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Communication, cooperation and collusion in team tournaments--An experimental study

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  • Sutter, Matthias
  • Strassmair, Christina

Abstract

We study the effects of communication in an experimental tournament between teams. When teams, rather than individuals, compete for a prize there is a need for intra-team coordination in order to win the inter-team competition. Introducing communication in such situations may have ambiguous effects on effort choices. Communication within teams may promote higher efforts by mitigating the internal free-rider problem. Communication between competing teams may lead to collusion, thereby reducing efforts. In our experiment we control the channels of communication by letting subjects communicate through an electronic chat. We find, indeed, that communication within teams increases efforts and communication between teams reduces efforts. We use team members' dialogs to explain these effects of communication, and check the robustness of our results.

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Bibliographic Info

Article provided by Elsevier in its journal Games and Economic Behavior.

Volume (Year): 66 (2009)
Issue (Month): 1 (May)
Pages: 506-525

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Handle: RePEc:eee:gamebe:v:66:y:2009:i:1:p:506-525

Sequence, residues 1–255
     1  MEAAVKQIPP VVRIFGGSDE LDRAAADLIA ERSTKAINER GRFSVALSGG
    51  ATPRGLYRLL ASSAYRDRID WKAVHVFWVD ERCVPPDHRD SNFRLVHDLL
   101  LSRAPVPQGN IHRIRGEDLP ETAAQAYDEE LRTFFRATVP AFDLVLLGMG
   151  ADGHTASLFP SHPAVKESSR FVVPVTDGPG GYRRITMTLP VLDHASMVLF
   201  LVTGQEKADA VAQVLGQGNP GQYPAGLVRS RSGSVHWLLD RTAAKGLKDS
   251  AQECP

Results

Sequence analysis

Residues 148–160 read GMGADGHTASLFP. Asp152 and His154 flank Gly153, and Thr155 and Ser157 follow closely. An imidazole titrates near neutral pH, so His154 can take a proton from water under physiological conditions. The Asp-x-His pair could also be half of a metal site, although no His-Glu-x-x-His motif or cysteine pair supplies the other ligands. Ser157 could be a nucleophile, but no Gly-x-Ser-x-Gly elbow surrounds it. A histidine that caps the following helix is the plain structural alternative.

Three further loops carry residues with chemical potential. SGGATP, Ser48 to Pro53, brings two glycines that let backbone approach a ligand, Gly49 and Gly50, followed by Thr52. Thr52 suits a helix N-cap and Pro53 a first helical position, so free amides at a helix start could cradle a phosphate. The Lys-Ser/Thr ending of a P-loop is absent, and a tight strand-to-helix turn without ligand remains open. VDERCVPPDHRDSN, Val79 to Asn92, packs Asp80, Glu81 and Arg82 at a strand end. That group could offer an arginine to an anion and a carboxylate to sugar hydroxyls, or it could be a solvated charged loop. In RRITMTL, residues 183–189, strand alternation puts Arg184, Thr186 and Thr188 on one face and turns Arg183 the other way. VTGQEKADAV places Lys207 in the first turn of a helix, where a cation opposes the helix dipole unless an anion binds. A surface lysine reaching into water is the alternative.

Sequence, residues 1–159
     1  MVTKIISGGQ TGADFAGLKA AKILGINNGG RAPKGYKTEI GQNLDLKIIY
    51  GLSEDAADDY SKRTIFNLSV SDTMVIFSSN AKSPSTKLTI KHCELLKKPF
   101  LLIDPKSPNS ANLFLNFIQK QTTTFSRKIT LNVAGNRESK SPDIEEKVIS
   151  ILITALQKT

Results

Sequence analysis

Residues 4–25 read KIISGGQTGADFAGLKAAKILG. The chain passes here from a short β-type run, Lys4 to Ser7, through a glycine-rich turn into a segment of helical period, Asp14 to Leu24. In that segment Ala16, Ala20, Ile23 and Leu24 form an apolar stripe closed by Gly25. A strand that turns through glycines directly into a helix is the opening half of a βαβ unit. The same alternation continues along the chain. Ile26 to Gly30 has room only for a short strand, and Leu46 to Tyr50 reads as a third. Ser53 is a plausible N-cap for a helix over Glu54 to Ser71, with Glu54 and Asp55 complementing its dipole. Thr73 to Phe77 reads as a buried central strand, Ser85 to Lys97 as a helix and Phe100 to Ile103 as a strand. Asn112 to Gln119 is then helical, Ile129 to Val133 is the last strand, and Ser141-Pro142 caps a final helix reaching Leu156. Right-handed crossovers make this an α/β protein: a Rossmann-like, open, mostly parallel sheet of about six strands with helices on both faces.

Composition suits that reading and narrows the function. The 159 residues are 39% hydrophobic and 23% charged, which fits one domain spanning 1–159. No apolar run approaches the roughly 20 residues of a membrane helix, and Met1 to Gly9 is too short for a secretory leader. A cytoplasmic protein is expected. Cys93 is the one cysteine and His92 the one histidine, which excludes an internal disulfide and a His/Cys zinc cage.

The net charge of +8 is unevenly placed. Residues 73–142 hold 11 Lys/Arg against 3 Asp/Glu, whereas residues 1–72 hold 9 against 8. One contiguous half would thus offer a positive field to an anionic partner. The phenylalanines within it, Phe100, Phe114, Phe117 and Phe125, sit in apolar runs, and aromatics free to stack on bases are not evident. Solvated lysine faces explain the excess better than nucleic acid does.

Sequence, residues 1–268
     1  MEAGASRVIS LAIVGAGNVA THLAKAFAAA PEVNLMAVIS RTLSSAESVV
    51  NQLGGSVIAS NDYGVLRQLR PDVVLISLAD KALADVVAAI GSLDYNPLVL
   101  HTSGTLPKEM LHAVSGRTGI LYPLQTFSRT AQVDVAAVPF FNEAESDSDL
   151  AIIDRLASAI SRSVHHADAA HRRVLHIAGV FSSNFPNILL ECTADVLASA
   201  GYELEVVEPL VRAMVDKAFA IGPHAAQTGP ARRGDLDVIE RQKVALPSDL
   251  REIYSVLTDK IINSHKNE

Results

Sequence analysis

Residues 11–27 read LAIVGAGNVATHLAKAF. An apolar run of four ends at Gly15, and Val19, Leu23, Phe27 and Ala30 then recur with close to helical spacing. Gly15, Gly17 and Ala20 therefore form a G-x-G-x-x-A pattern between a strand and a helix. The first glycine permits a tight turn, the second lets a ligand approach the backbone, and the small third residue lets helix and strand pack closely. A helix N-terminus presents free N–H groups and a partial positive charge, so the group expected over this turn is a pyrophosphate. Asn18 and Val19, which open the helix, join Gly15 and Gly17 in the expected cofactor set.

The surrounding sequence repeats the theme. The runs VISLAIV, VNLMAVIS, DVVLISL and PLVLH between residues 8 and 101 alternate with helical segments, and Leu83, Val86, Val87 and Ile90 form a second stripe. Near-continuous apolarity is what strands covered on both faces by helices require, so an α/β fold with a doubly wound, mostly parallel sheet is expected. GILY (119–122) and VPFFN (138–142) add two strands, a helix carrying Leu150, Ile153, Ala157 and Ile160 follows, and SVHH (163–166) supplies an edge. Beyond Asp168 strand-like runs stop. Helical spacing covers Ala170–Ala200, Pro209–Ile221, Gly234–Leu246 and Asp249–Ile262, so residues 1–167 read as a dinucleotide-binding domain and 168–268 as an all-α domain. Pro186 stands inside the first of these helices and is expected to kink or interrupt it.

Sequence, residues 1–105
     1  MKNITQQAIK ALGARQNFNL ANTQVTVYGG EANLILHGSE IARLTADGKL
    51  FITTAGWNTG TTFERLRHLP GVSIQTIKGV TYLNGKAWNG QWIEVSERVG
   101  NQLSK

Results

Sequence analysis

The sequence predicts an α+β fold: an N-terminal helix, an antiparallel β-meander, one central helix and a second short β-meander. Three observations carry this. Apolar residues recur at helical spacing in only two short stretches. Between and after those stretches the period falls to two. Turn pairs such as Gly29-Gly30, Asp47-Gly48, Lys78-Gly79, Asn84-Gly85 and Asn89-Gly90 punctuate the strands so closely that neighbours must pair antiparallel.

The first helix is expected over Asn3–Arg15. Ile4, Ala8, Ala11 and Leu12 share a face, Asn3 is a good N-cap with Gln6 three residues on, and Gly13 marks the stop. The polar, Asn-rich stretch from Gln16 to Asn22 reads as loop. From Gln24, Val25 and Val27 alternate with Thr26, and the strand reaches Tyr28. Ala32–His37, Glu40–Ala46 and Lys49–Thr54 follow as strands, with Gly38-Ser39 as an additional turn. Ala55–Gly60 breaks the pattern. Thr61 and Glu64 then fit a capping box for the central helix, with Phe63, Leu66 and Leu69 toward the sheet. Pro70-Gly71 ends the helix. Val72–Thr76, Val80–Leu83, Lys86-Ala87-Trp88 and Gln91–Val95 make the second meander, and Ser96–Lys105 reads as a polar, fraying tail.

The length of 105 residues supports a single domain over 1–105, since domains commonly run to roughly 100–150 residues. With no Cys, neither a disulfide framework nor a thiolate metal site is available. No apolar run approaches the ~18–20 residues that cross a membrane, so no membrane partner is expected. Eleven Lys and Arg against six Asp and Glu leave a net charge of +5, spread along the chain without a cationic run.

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Web page: http://www.elsevier.com/locate/inca/622836

Related research

Keywords: Tournament Team decision making Communication Collusion Free-riding Experiment;

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  1. van Dijk, Frans & Sonnemans, Joep & van Winden, Frans, 2001. "Incentive systems in a real effort experiment," European Economic Review, Elsevier, vol. 45(2), pages 187-214, February.
  2. Nalbantian, Haig R & Schotter, Andrew, 1997. "Productivity under Group Incentives: An Experimental Study," American Economic Review, American Economic Association, vol. 87(3), pages 314-41, June.
  3. David J. Cooper & John H. Kagel, 2005. "Are Two Heads Better Than One? Team versus Individual Play in Signaling Games," American Economic Review, American Economic Association, vol. 95(3), pages 477-509, June.
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